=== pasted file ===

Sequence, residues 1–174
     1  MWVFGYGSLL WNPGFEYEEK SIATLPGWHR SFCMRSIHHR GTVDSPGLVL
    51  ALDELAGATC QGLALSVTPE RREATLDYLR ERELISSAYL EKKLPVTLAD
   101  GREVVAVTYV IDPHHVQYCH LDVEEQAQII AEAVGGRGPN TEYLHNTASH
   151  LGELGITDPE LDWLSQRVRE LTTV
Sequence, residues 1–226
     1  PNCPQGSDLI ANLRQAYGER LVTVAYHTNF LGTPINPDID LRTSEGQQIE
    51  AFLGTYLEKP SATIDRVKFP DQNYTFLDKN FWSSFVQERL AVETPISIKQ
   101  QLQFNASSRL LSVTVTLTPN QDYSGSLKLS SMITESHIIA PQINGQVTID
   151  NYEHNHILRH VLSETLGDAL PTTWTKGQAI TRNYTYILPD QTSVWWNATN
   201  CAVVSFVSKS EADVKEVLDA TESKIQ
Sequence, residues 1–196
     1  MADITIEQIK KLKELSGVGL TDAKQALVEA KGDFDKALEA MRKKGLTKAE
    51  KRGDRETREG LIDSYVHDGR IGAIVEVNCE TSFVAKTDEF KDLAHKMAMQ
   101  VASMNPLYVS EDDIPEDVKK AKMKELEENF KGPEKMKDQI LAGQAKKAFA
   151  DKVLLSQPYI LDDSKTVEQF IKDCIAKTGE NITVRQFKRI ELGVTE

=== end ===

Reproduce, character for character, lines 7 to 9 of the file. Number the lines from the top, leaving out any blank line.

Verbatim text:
     1  PNCPQGSDLI ANLRQAYGER LVTVAYHTNF LGTPINPDID LRTSEGQQIE
    51  AFLGTYLEKP SATIDRVKFP DQNYTFLDKN FWSSFVQERL AVETPISIKQ
   101  QLQFNASSRL LSVTVTLTPN QDYSGSLKLS SMITESHIIA PQINGQVTID